South Bethany has joined with Bethany Beach in contracting with beach-replenishment consulting firm Marlow & Co., and the support may have proven timelier than either town expected.
The U.S. Army Corps of Engineers released last week the details of its proposed budget for “shoreline protection” projects during the 2006 fiscal year. The Corps oversees such projects and the funding received for them through the federal government, and the budget requests are among those recently sent to Congress by President George W. Bush.
As in previous years, Bush has requested federal funding for shoreline protection projects be eliminated, proposing only $10,000 in construction funding for the entire state, and that specifically targeted to completion of projects from Roosevelt Inlet to Lewes.
The ongoing projects in Rehoboth Beach and Dewey Beach, and planned projects from Cape Henlopen to Fenwick Island — including those in Bethany Beach and South Bethany — are not only provided with no further engineering or construction funding, but receive a telltale asterisk.
The meaning of that asterisk is noted as the following: “For construction projects with an asterisk, no project-specific funding is requested. These projects are under consideration for suspension of construction. The budget proposes that funding be provided from a Construction Suspension Fund to cover the costs of suspending, deferring, terminating or completing each ongoing contract, whichever is less.”
The language could be ominous for the coastal towns, if Congress were to accept the president’s budget recommendations as made. Ongoing construction efforts could potentially be halted, and those not yet begun risk being shunted to state, local or private funding sources, if they take place at all.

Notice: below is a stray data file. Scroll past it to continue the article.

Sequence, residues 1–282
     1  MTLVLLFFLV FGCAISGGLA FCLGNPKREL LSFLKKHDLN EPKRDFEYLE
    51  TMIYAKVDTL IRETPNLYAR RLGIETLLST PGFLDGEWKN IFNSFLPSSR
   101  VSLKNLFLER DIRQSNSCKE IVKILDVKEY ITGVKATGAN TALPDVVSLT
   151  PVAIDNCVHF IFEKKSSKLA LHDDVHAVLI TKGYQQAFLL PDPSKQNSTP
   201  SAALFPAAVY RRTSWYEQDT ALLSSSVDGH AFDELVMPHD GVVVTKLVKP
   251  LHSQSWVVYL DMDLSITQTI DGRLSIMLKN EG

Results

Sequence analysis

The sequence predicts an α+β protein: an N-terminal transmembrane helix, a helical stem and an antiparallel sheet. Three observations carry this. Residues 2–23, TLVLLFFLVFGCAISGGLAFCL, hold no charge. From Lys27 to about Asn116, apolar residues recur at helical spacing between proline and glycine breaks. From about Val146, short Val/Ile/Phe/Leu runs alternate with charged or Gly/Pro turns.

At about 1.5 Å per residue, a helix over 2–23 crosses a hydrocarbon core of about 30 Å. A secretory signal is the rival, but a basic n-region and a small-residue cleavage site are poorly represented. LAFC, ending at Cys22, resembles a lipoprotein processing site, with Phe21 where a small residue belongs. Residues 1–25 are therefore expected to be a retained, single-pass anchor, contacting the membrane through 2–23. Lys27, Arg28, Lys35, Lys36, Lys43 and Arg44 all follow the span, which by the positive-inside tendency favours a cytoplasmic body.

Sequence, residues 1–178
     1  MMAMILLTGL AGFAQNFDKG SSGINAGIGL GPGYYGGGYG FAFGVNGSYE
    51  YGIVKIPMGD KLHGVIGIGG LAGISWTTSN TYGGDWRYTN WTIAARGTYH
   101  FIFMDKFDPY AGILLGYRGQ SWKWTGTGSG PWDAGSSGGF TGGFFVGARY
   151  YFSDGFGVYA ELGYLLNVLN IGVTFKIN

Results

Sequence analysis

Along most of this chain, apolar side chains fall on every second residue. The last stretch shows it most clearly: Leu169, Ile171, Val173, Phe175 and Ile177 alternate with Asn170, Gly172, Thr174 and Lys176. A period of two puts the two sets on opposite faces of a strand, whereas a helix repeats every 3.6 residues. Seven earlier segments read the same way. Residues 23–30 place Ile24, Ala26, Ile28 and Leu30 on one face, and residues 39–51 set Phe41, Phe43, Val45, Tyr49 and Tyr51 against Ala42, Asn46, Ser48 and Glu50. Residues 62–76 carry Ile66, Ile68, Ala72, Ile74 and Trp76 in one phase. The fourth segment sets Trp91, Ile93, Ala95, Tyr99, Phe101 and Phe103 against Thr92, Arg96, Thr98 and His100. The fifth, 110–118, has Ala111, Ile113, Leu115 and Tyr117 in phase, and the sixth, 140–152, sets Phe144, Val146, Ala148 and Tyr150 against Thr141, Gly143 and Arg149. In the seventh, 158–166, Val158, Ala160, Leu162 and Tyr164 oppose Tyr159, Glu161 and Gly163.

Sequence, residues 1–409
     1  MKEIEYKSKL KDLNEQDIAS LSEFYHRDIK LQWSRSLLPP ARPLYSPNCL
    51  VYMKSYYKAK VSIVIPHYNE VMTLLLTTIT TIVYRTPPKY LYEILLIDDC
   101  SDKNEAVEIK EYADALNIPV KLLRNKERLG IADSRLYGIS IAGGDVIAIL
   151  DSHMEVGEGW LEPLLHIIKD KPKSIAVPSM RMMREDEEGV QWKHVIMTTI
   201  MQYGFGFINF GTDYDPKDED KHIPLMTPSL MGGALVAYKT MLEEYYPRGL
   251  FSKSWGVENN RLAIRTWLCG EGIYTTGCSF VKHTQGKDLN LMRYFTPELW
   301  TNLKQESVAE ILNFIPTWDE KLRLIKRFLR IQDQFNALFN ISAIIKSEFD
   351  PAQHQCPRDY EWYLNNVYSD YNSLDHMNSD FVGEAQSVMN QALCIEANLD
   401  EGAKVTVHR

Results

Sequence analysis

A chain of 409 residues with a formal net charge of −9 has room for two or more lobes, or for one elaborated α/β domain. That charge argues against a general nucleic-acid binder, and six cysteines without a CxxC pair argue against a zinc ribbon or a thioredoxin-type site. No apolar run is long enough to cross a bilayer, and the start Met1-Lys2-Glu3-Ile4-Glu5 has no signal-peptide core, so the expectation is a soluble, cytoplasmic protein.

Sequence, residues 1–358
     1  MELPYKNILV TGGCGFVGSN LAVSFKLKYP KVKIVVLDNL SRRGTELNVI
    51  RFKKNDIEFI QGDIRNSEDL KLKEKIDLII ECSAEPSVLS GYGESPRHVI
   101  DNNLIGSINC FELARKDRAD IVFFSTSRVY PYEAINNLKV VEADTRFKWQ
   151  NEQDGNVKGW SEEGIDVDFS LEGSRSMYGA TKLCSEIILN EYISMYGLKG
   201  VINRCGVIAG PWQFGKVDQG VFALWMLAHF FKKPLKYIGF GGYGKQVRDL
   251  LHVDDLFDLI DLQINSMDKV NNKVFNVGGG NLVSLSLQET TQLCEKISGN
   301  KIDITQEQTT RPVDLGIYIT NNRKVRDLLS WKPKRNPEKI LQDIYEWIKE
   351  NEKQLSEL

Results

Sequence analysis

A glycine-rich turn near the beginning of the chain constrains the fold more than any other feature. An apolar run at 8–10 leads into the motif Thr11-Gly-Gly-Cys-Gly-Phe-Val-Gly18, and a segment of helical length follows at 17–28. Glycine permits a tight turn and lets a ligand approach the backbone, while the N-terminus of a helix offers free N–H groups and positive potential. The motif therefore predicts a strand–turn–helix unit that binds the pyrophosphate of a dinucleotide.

Fenwick Island is currently anticipating the start of its so-called 50-year beach reconstruction project in the fall of 2005.
The 50-year moniker comes from the established 50-year maintenance agreements with the Corps after such massive reconstruction is complete. Those agreements help ensure the state and local governments will not have to pick up the entire tab for ongoing maintenance efforts to keep the widened beach in its renewed state, at least for the next half-century.
The extensive beach widening and dune improvement project has already been started in the Rehoboth Beach-Dewey Beach project area. And similar work is anticipated for the Bethany Beach-South Bethany project area, which is currently in the latter stages of the engineering phase that must precede actual pumping of sand onto the beaches.